5. LeBron James, F, Cleveland Cavaliers. Welcome back to the rankings, LBJ. I have been writing these for four straight seasons, and I have never posted an edition that did not include you … until this season. You know, back when the Cavs were a “fragile” team. That is clearly not the case anymore, and I fully expect y’all to put on a finishing kick that gets you within striking range of the Hawks, who may not get caught. At the very least, the Cavs should beat out the Bulls for the Central Division title, staying out of the No. 4 spot in the playoff rankings. Of course, basketball fans would rather see you in the fourth spot, because that ensures a competitive first-round playoff matchup that will be watchable, then a second-round series against the JuggerHawks, who will go after you just like the Spurs did in the Finals. The Central Division race (aside from the Hawks) will be the most watchable part of the unofficial second half of the season. (PREVIOUS EDITION: NR)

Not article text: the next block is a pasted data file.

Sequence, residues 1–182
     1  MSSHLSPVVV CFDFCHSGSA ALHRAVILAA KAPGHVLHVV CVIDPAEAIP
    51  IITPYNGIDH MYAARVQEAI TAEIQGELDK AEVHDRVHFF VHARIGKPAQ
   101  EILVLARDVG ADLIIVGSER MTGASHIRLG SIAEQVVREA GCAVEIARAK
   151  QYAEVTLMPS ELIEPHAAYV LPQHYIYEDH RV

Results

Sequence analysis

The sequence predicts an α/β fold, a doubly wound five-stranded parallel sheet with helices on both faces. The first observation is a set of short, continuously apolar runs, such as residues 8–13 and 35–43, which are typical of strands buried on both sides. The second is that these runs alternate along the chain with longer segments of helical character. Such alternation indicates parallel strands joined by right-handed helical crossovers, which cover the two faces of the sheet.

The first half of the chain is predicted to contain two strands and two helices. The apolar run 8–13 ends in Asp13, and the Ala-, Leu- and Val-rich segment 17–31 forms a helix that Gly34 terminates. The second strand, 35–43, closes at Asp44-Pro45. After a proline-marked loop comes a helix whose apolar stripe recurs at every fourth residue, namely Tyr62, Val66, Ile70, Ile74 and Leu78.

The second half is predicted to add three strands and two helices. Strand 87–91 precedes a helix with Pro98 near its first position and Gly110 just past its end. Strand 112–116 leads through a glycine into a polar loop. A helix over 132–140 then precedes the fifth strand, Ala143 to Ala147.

THE NEXT FIVE: Pau Gasol, F-C, Bulls; Jeff Teague, G, Hawks; Russell Westbrook, G, Thunder; John Wall, G, Wizards; Chris Paul, G, Clippers.
DROPPED OUT: Al Horford, F-C, Hawks (4).
EDITION VIII: BLATT IS RIGHT ON LBJ, SORT OF
EDITION VII: MUTTERINGS ON THIBODEAU
EDITION VI: MOZGOV THE MVP, IN A WAY
EDITION V: LeBRON JAMES APPROACHES THE BIG THREE-OH
EDITION IV: FROM NEW YORK TO SLOVENIA TO CUBA
EDITION III: PRINCE WILLIAM MEETS LeBRON JAMES
EDITION II: HEADLINE PORN FOR MARK CUBAN
EDITION I: ODE TO VANCOUVER
Chris Sheridan, publisher and editor-in-chief of SheridanHoops.com, is an official MVP voter. Follow him on Twitter.